For over 3 ½ years AT&T was the sole mobile phone network to carry the most iconic phone in the history of mobile phones, the iPhone.
All of that has now changed as Verizon executives have officially announced that they will begin carrying the iPhone 4 on their CDMA network. A quick visit to Verizon’s website revealed a huge banner featuring the iPhone 4 with the copy reading “iPhone 4. Verizon. It begins.” Sales start 2.10.11.
The move has been rumored for months and AT&T has spent millions of dollars during this time to beef up its network and tout other smart phones like the Blackberry Torch from mobile phone manufacturer RIM, as well as other phones based on Android and Windows mobile operating systems. In addition, AT&T pushed early upgrades in an effort to lock those craving an iPhone 4 into 2-year contracts. Smart, but short-term.
What is AT&T going to do in the long run?
I can’t imagine that AT&T executives are very surprised by this news. Aside from all the rumors and leaks, AT&T has been plagued by a network that,
in some urban markets, is only 50% reliable. Last year Consumer Reports ranked AT&T last in network quality for major carriers. I personally own an iPhone and purposely used an old iPhone 3G that my sister used to use so that I did not have to sign a 2-year deal with AT&T – just in case the network was unbearably unreliable. So far, it hadn’t been too bad – and I came over from Verizon.
I represent a small minority as 86% of current iPhone users are under contract. That is about 16 million people or 24% of AT&T’s total wireless subscriber portfolio.
AT&T is meeting the news with bravado, big talk. Ralph de la Vega, AT&T Wireless chief executive, is quoted on WSJ.com saying, “We are ready for it. The short and long-term viability of AT&T will be good whether we have exclusivity or not.” Perhaps he meant AT&T as a whole, a $123B provider of nearly all communication technologies (2X the yearly revenue of Verizon), not specifically AT&T Wireless.
The answer is re-positioning
Although I have harped on price positioning in the recent past in regards to retail, I think that may be AT&T Wireless’ only option at this point. They are not a quality leader, Verizon is, and they are no longer the device leader, everyone in the industry has great phones. I switched to AT&T because I was tired of paying Verizon over $110/mo for a family plan with only 2 non-smart phones, no rollover, and not internet. I felt like I was paying out through the nose to have Medieval technology in my pocket.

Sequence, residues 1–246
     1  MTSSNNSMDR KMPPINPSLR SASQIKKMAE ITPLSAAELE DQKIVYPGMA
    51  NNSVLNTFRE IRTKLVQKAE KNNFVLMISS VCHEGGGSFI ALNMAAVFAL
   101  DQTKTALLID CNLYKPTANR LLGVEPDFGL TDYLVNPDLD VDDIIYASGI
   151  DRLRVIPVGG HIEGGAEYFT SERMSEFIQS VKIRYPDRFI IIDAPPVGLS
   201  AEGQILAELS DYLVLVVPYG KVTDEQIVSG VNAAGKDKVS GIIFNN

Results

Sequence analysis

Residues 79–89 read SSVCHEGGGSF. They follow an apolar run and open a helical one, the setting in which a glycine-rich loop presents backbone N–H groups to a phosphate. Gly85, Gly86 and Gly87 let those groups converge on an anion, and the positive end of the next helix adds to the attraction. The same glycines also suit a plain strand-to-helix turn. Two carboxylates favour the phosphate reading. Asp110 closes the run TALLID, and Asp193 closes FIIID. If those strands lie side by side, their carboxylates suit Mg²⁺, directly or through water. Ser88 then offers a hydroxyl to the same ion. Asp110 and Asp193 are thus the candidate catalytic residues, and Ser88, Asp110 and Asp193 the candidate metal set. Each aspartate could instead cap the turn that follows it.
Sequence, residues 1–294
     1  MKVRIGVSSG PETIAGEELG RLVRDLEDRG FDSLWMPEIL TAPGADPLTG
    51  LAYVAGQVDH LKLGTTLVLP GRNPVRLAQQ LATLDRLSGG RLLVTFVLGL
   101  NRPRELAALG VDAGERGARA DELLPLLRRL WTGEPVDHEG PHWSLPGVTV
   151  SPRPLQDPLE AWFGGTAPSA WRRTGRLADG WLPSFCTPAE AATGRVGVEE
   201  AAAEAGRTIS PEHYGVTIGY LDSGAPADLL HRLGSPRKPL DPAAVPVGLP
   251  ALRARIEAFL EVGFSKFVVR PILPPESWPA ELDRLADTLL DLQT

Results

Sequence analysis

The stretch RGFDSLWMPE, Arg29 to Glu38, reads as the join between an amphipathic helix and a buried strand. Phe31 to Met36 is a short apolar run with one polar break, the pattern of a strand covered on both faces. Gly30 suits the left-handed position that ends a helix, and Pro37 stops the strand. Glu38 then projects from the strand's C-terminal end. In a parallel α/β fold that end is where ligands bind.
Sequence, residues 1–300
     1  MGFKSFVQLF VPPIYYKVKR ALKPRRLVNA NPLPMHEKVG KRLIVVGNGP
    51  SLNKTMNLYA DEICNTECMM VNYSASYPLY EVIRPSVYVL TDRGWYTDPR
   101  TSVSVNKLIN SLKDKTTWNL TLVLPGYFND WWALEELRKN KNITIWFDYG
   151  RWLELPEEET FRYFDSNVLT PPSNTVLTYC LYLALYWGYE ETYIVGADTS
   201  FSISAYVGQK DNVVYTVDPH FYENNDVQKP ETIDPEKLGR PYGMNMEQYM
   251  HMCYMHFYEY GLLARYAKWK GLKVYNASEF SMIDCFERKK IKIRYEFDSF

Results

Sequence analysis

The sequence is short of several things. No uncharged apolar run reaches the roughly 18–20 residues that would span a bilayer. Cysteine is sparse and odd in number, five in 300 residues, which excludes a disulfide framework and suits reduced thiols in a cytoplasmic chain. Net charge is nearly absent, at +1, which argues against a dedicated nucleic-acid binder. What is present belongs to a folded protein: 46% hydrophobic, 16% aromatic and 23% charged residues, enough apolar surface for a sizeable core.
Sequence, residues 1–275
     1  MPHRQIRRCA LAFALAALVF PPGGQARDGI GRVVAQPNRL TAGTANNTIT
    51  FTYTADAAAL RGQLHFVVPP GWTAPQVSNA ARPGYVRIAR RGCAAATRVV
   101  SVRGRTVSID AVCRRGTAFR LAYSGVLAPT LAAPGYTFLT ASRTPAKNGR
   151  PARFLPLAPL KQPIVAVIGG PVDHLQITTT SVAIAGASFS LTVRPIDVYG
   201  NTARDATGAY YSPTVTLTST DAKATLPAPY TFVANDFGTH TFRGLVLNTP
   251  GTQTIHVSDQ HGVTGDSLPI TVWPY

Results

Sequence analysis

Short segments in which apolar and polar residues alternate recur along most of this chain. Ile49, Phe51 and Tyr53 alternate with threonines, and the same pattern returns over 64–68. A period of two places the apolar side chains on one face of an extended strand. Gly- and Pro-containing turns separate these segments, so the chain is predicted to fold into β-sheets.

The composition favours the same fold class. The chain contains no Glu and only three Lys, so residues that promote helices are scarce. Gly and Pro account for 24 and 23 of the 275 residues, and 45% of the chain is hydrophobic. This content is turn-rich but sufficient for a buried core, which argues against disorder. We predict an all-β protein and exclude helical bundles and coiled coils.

My prediction is that AT&T will, over the next several months, spend hundreds of millions of dollars trying to re-position itself through targeted integrated marketing campaigns aimed at acquiring new customers and retaining iPhone subscribers based on the proposition of value. I personally feel that they will attempt to re-position as a value leader or complete business solutions provider (VoIP, mobile phones, and Wi-Fi). In addition I think that operationally they will spend hundreds of millions improving their network- though I do not think they will ever, nor should they try, to reach the level of reliability enjoyed by Verizon users. I also do not think that they should attempt to “replace” the iPhone with another wannabe (remember Verizon and the Blackberry Storm). It would be a waste of money.
Good luck AT&T, you stand a good chance at losing a big percentage of your iPhone users- a segment that represents a quarter of your contracts and even more of your revenue.